Media Matters

Penn Pal

Hillary did take her controversial pollster's advice.

By 8.13.08

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The publication of pollster Mark Penn's memos on the Atlantic's website throws considerable light on Hillary Clinton's campaign.

Advising Hillary Clinton to cast her opponent as insufficiently American, Penn wrote in a March 2007 memo that he couldn't "imagine America electing a president during a time of war who is not at his center fundamentally American in his thinking and in his values."

This represents Obama's most significant weakness, wrote Penn. He suggested Hillary emphasize in every speech by contrast that she was "born in the middle of America to the middle class in the middle of the last century. And talk about the basic bargain as about the deeply American values you grew up with, learned as a child and that drive you today. Values of fairness, compassion, responsibility, giving back."

According to the Atlantic, "Clinton wisely chose not to go this route." But actually she did go there. Penn's advice puts many moments of the campaign into perspective.

Surely his advice explains why the Clinton campaign, though pretending it didn't, distributed via the Drudge Report the image of Obama in Muslim garb. And don't Penn's memos explain Hillary's appearance on 60 Minutes in which she hemmed and hawed when asked by Steve Kroft if Obama was Muslim? He is not a Muslim "as far as I know," she hedged.

This pausing had to have been a Penn-inspired doubt-raising tactic, designed to leave Americans with the lingering question: Should we entrust the war on terror to someone who might share the enemy's religion?

Hillary pretended to acknowledge this as a smear but quickly turned the moment back to herself by recalling all the "smears" she and her husband had endured.

THE PENN MEMOS would also seem to explain the juxtaposition of the infamous red phone ad with these tactics. Hillary was trying hard to portray herself as a patriotic, even Christian, American running against a less-than-patriotic, possibly Muslim opponent not terribly committed to the war on terror.

In one of the debates, Hillary jumped on Louis Farrakhan's endorsement of Obama, forcing him to disavow the "Nation of Islam."

Meanwhile, she was sending Bill and Chelsea Clinton to Christian churches and her staffers were appearing on television shows wearing crosses. During the make-or-break Texas primary, she dispatched Bill and Chelsea to Joel Osteen's Christian mega-church in Houston to burnish her Christian credentials.

Realizing what Penn was up to, Obama repeatedly called himself a "devout Christian." Nevertheless, Clinton followed Penn's advice to some crucial victories.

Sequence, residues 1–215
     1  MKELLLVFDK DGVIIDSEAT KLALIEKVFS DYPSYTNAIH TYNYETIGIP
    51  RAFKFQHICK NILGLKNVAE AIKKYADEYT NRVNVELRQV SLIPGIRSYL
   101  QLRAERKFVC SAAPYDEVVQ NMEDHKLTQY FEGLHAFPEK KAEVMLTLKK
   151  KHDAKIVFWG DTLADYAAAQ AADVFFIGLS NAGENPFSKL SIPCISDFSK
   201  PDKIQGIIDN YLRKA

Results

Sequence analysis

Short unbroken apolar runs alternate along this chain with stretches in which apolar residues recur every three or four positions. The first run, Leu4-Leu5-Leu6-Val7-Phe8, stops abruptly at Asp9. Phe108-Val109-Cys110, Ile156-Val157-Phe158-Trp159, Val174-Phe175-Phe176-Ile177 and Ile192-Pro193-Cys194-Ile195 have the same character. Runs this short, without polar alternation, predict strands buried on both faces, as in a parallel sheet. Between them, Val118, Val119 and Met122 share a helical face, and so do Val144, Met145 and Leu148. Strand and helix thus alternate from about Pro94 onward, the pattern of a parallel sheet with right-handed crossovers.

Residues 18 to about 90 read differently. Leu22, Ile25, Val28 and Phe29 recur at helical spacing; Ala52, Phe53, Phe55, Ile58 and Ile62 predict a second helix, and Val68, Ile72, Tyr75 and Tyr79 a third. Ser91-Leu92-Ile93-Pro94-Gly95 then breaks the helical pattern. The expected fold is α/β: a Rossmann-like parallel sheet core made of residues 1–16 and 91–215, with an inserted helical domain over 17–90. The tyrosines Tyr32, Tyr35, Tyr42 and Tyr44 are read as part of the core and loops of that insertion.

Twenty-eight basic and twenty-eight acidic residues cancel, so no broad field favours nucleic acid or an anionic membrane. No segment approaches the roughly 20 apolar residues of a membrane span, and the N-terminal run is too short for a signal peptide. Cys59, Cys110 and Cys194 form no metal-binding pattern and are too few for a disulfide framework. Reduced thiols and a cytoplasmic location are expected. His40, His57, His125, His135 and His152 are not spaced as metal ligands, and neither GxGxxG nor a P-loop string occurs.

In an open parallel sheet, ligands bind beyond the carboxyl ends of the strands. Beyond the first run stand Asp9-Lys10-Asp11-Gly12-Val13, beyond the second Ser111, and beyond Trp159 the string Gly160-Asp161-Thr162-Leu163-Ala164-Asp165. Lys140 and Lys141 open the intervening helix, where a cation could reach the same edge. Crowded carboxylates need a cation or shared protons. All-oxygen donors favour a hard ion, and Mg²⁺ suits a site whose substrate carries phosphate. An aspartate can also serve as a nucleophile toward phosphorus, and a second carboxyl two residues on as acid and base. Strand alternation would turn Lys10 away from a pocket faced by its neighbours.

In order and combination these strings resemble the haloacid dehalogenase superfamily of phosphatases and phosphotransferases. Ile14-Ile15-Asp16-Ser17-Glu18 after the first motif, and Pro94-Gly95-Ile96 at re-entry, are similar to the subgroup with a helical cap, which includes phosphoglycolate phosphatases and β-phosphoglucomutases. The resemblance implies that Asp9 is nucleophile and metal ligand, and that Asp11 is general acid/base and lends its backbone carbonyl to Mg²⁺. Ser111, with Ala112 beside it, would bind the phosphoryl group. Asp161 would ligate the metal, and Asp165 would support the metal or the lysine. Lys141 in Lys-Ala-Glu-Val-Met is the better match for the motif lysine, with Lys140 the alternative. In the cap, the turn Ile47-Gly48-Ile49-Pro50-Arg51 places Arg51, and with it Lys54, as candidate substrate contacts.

Even Hillary's handling of the Jeremiah Wright episode, though perhaps more restrained than Penn wanted, is put into perspective by this sentiment in one of his memos: "If you believe that serious issues need to be raised then we have to raise them without continual hesitation and we should be pushing the envelope.

"Won't a single tape of [the Reverend Jeremiah] Wright going off on America with Obama sitting there be a game ender? Many people (Peter Hart excluded) believe under the surface that 20 years sitting there with Goddamn America would make him unelectable by itself."

By the end of the race, drawing upon all of these controversies, Hillary was running an almost comically parasitic campaign that fed off of conservative fears. She was throwing back whiskeys and groaning about the anti-American "elite," to whom, she noted, her opponent had pandered in San Francisco when he talked about embittered Americans attached to their "God and guns."

OBAMA CERTAINLY took Penn's assessment of his principal weakness seriously, and still does, as evident in his very defensive reaction to the friendly, though bumbling, New Yorker parody of him in a turban. Had the image not kicked up the same fears Hillary was trying to exploit in the campaign, he wouldn't have bothered to condemn it.

The Atlantic> calls Penn's targeting of Obama's "lack of American roots" an "astonishing" suggestion. But this isn't the first Democratic primary in which an adviser encouraged a liberal to attack opportunistically from the right, as Chris Matthews and others have lamented.

Hillary was merely playing Al Gore to Obama's Michael Dukakis. (Gore was the first to use the issue of Willie Horton against Dukakis.) What's surprising is not that Penn suggested it but that he did so in writing.

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About the Author
George Neumayr, a contributing editor to The American Spectator, is co-author of No Higher Power: Obama's War on Religious Freedom.